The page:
Entire countries are facing a future underwater. Farming the ocean, recycling the plastic, aerating and repopulating the low oxygen zones, might all be tasks that a water based community might do in an new business economy. Some industrial and fish processing tasks are now being performed on the large fishing boats or tankers. Water based communities might grow mussels and seaweed in areas with upwelling tubes or windmills and provide maintenance for those projects. Hydroponic gardens could help provide other fresh food within the water based community instead of having to be reliant on shipments from land based communities. What we build today for tomorrow doesn't have to look like yesterday's world.
The series: 1. Oceans need oxygen, 2. Oxygenating the ocean's dead zone, 3. Non-traditional windmills can increase efficiency, 4. Upwelling tubes, hurricanes, and mussels. 5. Baking Soda to the rescue! - Yes really. 6. Supplementing the Ocean, 7. Mussels - Delicious and Sustainable. 8. The big picture of climate change is bigger than businesses may consider. 9. Inventions Occur in Stages. 10. Stacked Horizontal Turbines. The series in one document, minimal images, on Google-docs: (Oxygenating the Ocean).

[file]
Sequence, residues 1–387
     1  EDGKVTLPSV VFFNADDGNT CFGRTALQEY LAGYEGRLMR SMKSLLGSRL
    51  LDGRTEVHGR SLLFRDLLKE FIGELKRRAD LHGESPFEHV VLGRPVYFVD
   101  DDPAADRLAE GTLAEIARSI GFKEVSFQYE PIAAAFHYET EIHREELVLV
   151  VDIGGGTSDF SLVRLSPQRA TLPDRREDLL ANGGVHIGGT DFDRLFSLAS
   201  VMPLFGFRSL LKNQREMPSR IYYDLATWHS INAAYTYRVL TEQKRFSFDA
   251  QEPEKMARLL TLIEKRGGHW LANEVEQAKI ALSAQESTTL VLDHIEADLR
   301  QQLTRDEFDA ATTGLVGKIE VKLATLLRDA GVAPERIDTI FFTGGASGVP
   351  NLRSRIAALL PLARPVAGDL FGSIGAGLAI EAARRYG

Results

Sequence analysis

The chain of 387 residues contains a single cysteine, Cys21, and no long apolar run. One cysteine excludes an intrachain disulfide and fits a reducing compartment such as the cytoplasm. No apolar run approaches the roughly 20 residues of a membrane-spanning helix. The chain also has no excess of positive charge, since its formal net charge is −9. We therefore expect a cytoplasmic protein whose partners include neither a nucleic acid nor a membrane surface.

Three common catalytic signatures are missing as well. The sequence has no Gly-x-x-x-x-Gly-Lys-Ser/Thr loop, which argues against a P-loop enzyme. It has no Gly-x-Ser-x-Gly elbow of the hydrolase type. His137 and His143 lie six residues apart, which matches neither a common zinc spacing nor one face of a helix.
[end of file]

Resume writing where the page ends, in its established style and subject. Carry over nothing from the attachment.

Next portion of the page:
A variety of links regarding climate change and examples of sustainable projects and architecture are included in this post: We are in a relay race - life, pass it on.
Additional References regarding strategies used to reduce risk of urban flooding:
A nonprofit organization has been successfully working to identify obsolete dams and safely remove them from rivers throughout America. Which opens the flowing river to wildlife like otters and also helps protect communities from the risk of flooding if the dam fails, as is likely when maintenance and repair is no longer occurring. (americanrivers.org)